On 3 January 2017, the Supreme Court of Western
Australia introduced the Supreme Court (Arbitration) Rules
2016 (WA) (Arbitration Rules).1
The Arbitration Rules outline procedures and contain the forms
relevant to the commencement of actions in the Supreme Court that
relate to domestic and international arbitration.
WHY ARE THE ARBITRATION RULES IMPORTANT?
The Arbitration Rules are important for three reasons.
Firstly, they simplify and clarify the process of initiating
court actions relating to international and domestic arbitration in
Secondly, they promote consistency across other Australian
jurisdictions in relation to arbitration.
Thirdly, they demonstrate the willingness of the courts in
Western Australia to embrace arbitration as a method of dispute
WHAT DO THE ARBITRATION RULES COVER?
The International Arbitration Act 1974 (Cth)
(IAA) and Commercial Arbitration Act 2012
(WA) (CAA) grant the Supreme Court jurisdiction to
enforce and support international and domestic arbitration
The Arbitration Rules outline the procedures that parties need
to follow when making applications to the Western Australian
Supreme Court under the IAA and CAA for:
staying proceedings or referring proceedings to
setting aside and enforcing arbitral awards;
subpoenaing witnesses or evidence;
disclosure of confidential information;
interim measures, including injunctions;
enforcement of procedural orders; and
the appointment of arbitrators and jurisdiction of
The Arbitration Rules operate in conjunction with the Rules
of the Supreme Court 1971 (WA) and prescribe the specific
requirements for various applications and the specific forms to be
used in making applications under the IAA and CAA. By centralising
the risks relevant to arbitrations, the legislature has sought to
assist practitioners and parties to arbitration.
CONSISTENCY ACROSS OTHER JURISDICTIONS
In November 2009, the Australian government announced an
overhaul of the domestic arbitration regime proposing uniform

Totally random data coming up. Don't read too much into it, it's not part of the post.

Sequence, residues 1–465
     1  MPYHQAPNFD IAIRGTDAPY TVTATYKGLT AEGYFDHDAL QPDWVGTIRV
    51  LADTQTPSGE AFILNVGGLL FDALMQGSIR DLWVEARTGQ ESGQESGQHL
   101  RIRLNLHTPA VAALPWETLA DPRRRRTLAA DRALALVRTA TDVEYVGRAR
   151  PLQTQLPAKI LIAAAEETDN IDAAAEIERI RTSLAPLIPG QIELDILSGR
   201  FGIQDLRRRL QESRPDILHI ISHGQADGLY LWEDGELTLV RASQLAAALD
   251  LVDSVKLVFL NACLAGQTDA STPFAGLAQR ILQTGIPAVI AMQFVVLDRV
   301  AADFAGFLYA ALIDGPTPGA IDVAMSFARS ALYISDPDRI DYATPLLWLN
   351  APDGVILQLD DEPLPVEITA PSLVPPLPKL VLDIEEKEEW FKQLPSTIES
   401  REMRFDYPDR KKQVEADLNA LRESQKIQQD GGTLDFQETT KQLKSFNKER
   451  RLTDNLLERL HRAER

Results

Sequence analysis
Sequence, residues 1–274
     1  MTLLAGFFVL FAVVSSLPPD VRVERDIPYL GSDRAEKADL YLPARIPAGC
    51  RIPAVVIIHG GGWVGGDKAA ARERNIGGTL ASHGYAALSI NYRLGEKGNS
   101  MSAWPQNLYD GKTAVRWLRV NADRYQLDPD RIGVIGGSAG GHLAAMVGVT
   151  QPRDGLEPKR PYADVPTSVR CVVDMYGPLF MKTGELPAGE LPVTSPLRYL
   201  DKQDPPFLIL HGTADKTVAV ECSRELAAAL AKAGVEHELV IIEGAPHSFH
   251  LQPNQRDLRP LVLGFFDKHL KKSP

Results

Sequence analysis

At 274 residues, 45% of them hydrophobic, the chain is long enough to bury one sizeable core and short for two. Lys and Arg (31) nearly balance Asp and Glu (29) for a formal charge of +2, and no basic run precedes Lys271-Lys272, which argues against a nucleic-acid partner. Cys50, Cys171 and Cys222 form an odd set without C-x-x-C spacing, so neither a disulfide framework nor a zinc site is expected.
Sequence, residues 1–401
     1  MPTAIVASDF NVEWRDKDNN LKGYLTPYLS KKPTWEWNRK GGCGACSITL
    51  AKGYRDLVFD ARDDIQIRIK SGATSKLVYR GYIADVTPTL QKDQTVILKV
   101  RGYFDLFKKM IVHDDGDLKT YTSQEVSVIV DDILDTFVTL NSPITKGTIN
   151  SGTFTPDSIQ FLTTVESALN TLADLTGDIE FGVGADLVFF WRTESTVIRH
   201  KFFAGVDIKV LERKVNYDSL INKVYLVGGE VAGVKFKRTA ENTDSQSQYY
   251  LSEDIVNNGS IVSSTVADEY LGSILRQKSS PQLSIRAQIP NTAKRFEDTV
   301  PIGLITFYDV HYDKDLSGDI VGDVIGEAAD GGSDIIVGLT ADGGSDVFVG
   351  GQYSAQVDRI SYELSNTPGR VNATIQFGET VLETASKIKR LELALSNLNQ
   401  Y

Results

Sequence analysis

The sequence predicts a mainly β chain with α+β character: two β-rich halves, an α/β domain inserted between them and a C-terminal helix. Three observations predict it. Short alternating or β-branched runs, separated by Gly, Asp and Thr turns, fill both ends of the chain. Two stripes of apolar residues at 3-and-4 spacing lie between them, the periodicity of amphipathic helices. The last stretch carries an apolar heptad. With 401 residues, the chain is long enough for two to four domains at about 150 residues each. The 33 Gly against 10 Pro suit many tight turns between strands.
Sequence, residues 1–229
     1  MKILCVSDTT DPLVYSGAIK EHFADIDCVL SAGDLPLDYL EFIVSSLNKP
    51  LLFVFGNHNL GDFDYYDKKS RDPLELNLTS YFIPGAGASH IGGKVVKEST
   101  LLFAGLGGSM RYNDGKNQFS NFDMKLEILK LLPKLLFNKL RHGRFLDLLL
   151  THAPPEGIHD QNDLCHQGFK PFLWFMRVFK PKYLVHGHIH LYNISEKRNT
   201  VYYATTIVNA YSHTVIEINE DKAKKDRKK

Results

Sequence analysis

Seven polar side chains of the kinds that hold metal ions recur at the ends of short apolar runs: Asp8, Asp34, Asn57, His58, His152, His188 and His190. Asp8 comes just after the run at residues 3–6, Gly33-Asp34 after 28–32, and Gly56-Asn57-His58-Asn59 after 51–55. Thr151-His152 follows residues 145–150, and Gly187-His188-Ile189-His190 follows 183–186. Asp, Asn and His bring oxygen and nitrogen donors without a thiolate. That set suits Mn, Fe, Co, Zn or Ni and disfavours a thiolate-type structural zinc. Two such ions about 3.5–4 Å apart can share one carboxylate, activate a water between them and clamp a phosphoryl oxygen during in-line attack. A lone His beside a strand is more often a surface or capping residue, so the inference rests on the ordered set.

arbitration legislation. Subsequently, each state and territory
enacted uniform legislation to give its Supreme Court jurisdiction
to enforce domestic arbitration in each state and across
Nearly all states and territories in Australia have already
introduced specific and detailed procedural rules for actions
relating to domestic and international arbitration.2
With Western Australia now having introduced its own procedural
rules, the trend of uniformity and commitment to arbitration across
SUPPORT FOR ARBITRATION AS A METHOD OF DISPUTE RESOLUTION
The Supreme Court of Victoria has declared its support for and
assistance to disputants wanting to resolve all or part of their
dispute by arbitration.3
While the Supreme Court of Western Australia has not publicly
declared its support, it has adopted and mirrored the arbitration
procedural rules in place in Victoria. In addition, there have been
a spate of recent Supreme Court decisions4 granting stay
applications and upholding parties' arbitration agreements.
The introduction of the Arbitration Rules is a clear sign of the
Western Australian courts' commitment to international and
domestic arbitration and should give practitioners and their
clients confidence in the courts' ability to deal with
1 Part 1 (Preliminary matters) came into
effect on 20 December 2016 and the substantive provisions of the
Arbitration Rules came into effect on 3 January 2017.
3 Practice Note 8 of 2014, Commercial
Arbitration Business (Vic).
4Samsung C&T Corporation v Duro
Felguera Australia Pty Ltd  WASC 193; Australian
Maritime Systems Ltd v McConnell Dowell Constructors (Aust) Pty
Ltd  WASC 52; KNM Process Systems SDN BHD v Mission
Newenergy Ltd (formerly known as Mission Biofuels Ltd) 
The content of this article is intended to provide a general
guide to the subject matter. Specialist advice should be sought
about your specific circumstances.
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